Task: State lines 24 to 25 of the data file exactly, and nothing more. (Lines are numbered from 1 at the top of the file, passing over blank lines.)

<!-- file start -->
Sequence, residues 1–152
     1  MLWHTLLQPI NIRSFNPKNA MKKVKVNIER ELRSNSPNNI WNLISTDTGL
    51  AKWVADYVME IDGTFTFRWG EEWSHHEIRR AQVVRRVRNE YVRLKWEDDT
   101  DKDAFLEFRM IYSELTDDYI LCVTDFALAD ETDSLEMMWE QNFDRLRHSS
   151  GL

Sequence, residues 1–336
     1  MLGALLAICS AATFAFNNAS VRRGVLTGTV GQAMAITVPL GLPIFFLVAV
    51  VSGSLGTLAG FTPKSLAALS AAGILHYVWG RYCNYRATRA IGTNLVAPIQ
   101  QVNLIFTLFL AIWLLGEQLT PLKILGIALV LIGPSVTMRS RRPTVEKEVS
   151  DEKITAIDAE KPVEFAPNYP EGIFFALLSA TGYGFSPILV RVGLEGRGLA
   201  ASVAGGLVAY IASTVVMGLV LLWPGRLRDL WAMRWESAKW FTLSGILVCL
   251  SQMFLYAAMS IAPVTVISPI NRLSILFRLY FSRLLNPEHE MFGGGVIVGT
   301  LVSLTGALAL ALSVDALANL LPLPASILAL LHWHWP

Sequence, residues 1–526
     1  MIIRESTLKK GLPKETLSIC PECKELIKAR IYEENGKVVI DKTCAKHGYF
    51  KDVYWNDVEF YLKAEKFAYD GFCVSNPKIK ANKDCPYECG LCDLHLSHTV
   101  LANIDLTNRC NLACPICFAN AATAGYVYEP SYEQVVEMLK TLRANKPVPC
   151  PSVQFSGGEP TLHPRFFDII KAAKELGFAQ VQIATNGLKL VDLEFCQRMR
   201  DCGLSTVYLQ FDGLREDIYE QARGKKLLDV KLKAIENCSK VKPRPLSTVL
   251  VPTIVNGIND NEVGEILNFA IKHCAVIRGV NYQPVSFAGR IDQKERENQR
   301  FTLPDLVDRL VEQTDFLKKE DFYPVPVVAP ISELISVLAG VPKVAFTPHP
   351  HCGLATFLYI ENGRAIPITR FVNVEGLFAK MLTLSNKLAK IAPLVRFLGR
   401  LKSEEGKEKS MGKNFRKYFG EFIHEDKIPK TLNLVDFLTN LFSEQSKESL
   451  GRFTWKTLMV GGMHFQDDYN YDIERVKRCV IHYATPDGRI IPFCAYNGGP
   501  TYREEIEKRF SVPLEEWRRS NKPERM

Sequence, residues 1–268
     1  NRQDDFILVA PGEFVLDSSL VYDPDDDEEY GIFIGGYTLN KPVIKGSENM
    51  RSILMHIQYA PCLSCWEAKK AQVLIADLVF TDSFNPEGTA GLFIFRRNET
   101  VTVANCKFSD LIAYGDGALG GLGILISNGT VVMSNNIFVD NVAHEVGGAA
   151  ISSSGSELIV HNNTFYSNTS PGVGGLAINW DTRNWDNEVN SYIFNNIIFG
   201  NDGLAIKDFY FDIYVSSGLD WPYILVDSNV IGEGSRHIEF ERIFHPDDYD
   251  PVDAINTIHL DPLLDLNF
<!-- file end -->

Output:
   451  GRFTWKTLMV GGMHFQDDYN YDIERVKRCV IHYATPDGRI IPFCAYNGGP
   501  TYREEIEKRF SVPLEEWRRS NKPERM